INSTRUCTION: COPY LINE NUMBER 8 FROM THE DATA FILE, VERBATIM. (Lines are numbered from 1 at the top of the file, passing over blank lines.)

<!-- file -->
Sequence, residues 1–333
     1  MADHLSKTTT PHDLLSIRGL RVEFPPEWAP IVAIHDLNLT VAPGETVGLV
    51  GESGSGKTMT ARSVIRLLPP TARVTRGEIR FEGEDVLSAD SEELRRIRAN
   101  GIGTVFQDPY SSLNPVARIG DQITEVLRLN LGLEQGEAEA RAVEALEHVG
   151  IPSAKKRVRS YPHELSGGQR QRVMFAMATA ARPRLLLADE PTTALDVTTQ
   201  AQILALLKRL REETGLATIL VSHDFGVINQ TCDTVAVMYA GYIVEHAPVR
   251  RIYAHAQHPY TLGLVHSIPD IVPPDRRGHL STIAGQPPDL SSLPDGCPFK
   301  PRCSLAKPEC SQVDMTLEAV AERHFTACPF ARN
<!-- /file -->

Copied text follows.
   301  PRCSLAKPEC SQVDMTLEAV AERHFTACPF ARN